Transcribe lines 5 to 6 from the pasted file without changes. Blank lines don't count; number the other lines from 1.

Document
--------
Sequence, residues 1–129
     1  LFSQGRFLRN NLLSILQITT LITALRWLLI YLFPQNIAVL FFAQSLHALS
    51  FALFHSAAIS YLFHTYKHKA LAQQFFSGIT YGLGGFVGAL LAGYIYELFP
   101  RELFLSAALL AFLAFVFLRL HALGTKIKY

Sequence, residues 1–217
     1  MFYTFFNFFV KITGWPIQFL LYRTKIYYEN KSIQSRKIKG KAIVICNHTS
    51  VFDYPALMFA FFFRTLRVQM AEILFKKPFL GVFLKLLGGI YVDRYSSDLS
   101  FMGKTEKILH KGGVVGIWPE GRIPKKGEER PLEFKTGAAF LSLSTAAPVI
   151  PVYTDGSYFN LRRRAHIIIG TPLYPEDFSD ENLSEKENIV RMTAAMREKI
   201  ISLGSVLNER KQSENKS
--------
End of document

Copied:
Sequence, residues 1–217
     1  MFYTFFNFFV KITGWPIQFL LYRTKIYYEN KSIQSRKIKG KAIVICNHTS